In this July 14, 2010 photo, executive chef Todd Schneider poses in the dining room of the Executive Mansion in Richmond. Schneider has been indicted on four felony counts of embezzlement. (Joe Mahoney/ Richmond Times-Dispatch/Associated Press)

The chef charged with embezzling from the Virginia’s governor’s mansion has filed a motion in his criminal case suggesting that Gov. Robert F. McDonnell’s family has taken more than they should have from the mansion kitchen.

The lawyer for Todd Schneider, who lost his job as the mansion chef in March 2012 during a state police investigation into kitchen improprieties, is seeking “exculpatory information” to be used in his trial.

Among other things, the motion seeks records concerning “state goods and resources” taken by McDonnell, his wife, Maureen, and their five children, including: “lodging and resources provided to Jeanine McDonnell during her residence at [gubernatorial retreat] Camp Pendleton, believed to be for several months in early 2012; bottled waters, cups, Gatorade, protein powder and other items taken from the mansion by Sean and Bobby McDonnell for use at their college residences; flats of eggs taken from the mansion by Rachel McDonnell; liquor taken by Rachel McDonnell or her boyfriend, Nick, from the mansion for a private party at Camp Pendleton; pots and pans from the mansion given to Jeanine, Rachel or Cailin McDonnell by Maureen McDonnell.”

Tucker Martin, spokesman for McDonnell (R), declined to discuss the motion, which was filed Monday.

“These motions made by a defendant in a pending criminal proceeding will be addressed by the appropriate authorities in court,” he said via e-mail. “It would not be appropriate for this Office to comment further at this time.”

Virginia Gov. Bob McDonnell (Brendan Smialowski/Getty Images)

Steve Benjamin, Schneider’s attorney, declined to comment.

The request itself is not proof of any impropriety by McDonnell or his family. But it seems to preview the defense strategy Schneider will use at the trial scheduled to begin July 15: that the governor’s mansion was operating with few financial controls.

With his questions, Schneider seems to suggest that McDonnell children not living at the mansion — either because they were away at college or grown up and living on their own — raided the state pantry, refrigerator and liquor cabinet.

A claim that the mansion had lax finances could embarrass McDonnell, a fiscal conservative who has prided himself on cutting waste from state government. The suggestion that Jeanine McDonnell lodged at Camp Pendleton in Virginia Beach for several months in early 2012 could prove awkward because he considered selling the beach cottage at the site early in his tenure to “keep a couple prisons open or something.”

The allegations could be especially damaging for McDonnell coming after revelations that a Virginia businessman picked up the $15,000 catering bill when his daughter Cailin held her wedding reception at the mansion in June 2011.

Schneider’s claims could help the chef, who owned a private catering company while employed at the mansion, argue that he was entitled to whatever food or supplies he is charged with embezzling. Some of his questions suggest that the mansion or the McDonnells failed to pay him for events his company catered, and that he was instructed to pay himself back by “taking it out in trade.”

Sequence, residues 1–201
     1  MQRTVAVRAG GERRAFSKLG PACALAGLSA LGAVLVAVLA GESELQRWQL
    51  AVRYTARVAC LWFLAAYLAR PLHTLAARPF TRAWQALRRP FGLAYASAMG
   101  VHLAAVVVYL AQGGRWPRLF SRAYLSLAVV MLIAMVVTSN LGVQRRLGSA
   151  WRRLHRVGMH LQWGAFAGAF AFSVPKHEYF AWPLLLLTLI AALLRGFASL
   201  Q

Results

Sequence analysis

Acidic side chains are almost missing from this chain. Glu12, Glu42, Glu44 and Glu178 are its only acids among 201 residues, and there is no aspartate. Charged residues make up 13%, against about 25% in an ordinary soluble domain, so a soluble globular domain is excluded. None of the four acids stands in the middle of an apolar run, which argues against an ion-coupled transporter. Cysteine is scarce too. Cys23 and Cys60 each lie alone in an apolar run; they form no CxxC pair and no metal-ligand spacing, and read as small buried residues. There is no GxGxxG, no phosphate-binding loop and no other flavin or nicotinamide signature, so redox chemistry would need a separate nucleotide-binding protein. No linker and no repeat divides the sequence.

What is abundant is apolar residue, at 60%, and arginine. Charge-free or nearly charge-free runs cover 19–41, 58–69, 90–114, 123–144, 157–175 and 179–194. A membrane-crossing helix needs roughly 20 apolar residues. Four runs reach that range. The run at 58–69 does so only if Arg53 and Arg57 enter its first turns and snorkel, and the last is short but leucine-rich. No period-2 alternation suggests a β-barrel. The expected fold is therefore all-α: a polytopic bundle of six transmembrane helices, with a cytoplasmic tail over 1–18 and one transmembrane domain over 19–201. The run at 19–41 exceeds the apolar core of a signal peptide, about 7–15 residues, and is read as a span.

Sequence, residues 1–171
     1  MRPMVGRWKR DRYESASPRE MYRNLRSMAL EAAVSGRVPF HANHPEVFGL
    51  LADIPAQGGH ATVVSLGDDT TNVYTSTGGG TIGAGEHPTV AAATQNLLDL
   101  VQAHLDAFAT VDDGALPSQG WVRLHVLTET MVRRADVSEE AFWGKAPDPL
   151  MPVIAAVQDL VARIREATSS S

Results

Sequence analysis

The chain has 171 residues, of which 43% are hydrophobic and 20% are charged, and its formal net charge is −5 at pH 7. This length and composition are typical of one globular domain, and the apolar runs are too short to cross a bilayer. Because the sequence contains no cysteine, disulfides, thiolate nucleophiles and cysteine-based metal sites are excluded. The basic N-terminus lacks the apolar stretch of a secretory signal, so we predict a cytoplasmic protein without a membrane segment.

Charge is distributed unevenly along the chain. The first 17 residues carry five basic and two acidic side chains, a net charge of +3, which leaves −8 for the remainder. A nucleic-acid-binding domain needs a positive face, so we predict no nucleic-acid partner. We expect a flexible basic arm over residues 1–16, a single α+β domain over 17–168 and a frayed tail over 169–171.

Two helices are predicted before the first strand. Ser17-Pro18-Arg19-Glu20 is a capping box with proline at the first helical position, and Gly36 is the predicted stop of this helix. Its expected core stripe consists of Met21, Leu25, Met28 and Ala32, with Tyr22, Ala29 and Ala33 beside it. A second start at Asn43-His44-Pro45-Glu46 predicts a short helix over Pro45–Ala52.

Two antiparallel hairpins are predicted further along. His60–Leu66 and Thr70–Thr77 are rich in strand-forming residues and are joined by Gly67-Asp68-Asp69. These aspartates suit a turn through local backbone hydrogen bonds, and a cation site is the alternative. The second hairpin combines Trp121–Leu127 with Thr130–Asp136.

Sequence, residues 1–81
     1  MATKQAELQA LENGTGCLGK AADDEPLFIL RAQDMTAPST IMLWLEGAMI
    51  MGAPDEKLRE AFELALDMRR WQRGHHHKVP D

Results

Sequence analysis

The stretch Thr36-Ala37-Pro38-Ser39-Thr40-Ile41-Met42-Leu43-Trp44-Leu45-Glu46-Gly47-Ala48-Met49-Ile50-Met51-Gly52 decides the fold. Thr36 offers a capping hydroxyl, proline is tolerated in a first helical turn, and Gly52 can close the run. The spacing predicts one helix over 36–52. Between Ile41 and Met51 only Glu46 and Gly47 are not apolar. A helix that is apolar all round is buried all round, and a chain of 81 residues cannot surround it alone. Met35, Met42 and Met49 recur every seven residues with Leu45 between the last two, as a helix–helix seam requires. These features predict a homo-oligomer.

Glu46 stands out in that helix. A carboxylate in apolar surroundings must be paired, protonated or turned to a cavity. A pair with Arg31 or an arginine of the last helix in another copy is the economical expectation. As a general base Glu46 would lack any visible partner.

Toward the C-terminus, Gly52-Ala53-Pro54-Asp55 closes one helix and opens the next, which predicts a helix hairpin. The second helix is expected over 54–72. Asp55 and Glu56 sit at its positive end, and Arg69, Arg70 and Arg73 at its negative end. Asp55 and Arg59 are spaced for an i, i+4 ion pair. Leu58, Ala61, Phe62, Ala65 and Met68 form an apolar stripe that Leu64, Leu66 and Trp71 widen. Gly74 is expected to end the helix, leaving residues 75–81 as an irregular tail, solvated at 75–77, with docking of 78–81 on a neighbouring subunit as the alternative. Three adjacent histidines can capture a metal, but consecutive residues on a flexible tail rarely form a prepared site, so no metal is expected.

While working as the mansion chef, Schneider catered Cailin McDonnell’s reception through his private company, Seasonings Fine Catering and Event Planning. The Washington Post reported that Jonnie R. Williams Sr., chief executive of Star Scientific Inc., paid for the catering.

Under Virginia law, officeholders may accept personal gifts of unlimited value but must disclose any worth more than $50. McDonnell did not report the wedding payment, but said he did not have to because it was a gift to his daughter, not him. State law does not require that gifts to immediate family members be disclosed.

McDonnell and his wife have taken steps to boost Star Scientific, a former cigarette maker that sells a nutritional supplement from an ingredient found in tobacco and other plants. The company has lost money for 10 years and is the subject of a securities investigation and two shareholder lawsuits.

The governor has declined to say whether Williams has provided other gifts to his family. He has said he does not know if people other than Williams helped pay for the wedding.

The investigation into Schneider began several months before his March 2012 departure, when someone called the state’s hotline for waste, fraud and abuse allegations. Schneider was charged last month with four felony embezzlement counts.

The motion filed on Schneider’s behalf seeks “information concerning all gifts given to the Governor or any member of the Governor’s family” by Williams or any entity he is associated with or controls.

It also requests information regarding instances in which he suggests that he provided “food, chairs, tables, plates, glasses, silverware, serving dishes, flowers, rentals, staff, pickup, delivery or other catering services” to the mansion, McDonnell or his family without being reimbursed.

And it seeks information about the mansion director, other state employees or members of the governor’s family allegedly telling him that he could pay himself back by “taking it out in trade,” meaning taking food from the mansion.